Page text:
"Piggyback" computers are called so because they work in unison with your stock computer. Mostly, they alter output signals to your fuel injectors and ignition from the stock computer. Driveability is retained as is flexibility of the stock computer. At least, that's how the theory goes. In practice, they work somewhat differently. Your stock computer is coded to understand input, processing, and output data. It checks values against previously programmed figures or historical data that it recorded during operation. If one of these three aspects gets changed and the computer is "checking itself", then you can run into problems. A computer is basically stupid and only does what it's told. Even though the stock computer may be giving instructions it thinks is correct, those instructions might not work with your modified engine package. The computer wants to do what it's told to do with it's own software, not what you the squishy human wants it to do. When altering signals that the computer needs to operate, it's like putting the computer in a house of mirrors. It can't see straight and doesn't know it's looking at a disorted image. No sensor on your car is there for show. there's not redundant sensors but there are redundant instructions in the computer. One sensor alone can be used in hundreds of different computations. Think about that when you're messing with EFI. Truthfuly, the less that you mess with the computer, the better off you are. Only change what you have to or really really want to to achieve more power.


There are different kinds of piggyback computers available. A complex one would be the Greddy E-Manage. It can control everything. The Unichip and UTEC are other popular options. All of them work basically the same. You could consider them a "hard wired virus". They all three jack signals from the stock computer and let you make your own instructions. When the stock computer fights the piggyback for control of the car, it makes for it's own headaches. You can get mysterious check engine light codes or the car might skip into "limp mode" and not run very nicely. You're looking to balance the car literally on the head of a pin the more you try to get power increases out of it. (Cost $400-$2,000)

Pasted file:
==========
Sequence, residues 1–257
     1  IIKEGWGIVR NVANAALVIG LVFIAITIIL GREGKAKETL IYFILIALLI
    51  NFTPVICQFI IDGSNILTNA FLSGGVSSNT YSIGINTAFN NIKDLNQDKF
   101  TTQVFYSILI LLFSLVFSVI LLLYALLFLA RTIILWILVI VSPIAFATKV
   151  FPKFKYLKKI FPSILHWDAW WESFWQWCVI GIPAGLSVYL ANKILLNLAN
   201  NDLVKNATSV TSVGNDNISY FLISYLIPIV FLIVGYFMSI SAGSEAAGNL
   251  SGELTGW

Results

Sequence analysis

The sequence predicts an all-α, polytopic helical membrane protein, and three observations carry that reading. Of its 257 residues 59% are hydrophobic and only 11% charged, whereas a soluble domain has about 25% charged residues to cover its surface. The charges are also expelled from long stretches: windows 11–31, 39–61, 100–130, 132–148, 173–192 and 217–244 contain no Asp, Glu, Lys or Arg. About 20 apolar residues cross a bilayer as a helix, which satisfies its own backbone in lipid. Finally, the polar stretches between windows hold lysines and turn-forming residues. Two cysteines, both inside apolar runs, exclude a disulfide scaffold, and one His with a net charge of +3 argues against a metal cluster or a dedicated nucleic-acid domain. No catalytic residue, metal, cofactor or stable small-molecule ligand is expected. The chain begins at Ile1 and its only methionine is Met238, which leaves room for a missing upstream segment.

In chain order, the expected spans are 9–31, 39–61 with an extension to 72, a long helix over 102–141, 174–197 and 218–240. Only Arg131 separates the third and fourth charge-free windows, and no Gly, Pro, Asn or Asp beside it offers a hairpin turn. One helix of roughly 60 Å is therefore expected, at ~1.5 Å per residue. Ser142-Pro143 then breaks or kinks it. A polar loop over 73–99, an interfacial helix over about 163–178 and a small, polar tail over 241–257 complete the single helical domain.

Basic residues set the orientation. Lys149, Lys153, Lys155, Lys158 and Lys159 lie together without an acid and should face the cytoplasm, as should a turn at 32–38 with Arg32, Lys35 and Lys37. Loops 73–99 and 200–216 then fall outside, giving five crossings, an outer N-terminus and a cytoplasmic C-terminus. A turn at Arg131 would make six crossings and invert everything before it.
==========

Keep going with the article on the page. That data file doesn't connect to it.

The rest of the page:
Other kinds of piggyback computers only highjack or augment certain parts of the stock computer. Chiefly, you can buy separate fuel and timing controllers to fit your needs. An add-on fuel system can still do many things for an ethanol powered car. You can run a separated secondary fuel system to carry ethanol or some other fuel. You can also supply extra flow capacity for the existing fuel system on demand. The secondary injectors can be triggered at specific RPM's, loads, or boost levels to accomodate fuelling needs of boost, nitrous, or both. Often, secondary fuel systems only intercept signals and don't modify the output. They only need the existing computer signals for referencing their own instructions. They don't change the factory systems. They're more of a genuine add-on instead of a half-baked replacement for something stock that likely works fine anyway. Timing controllers can be a cheap and easy way to dial in a bit more or less spark timing and leave the stock computer mostly alone. Boost-referenced timing retard systems, like the J&S timing retard system, back off a few degrees of spark timing as boost pressure rises from a turbo or blower. This staves off detonation, which is far more of a problem on gasoline than ethanol.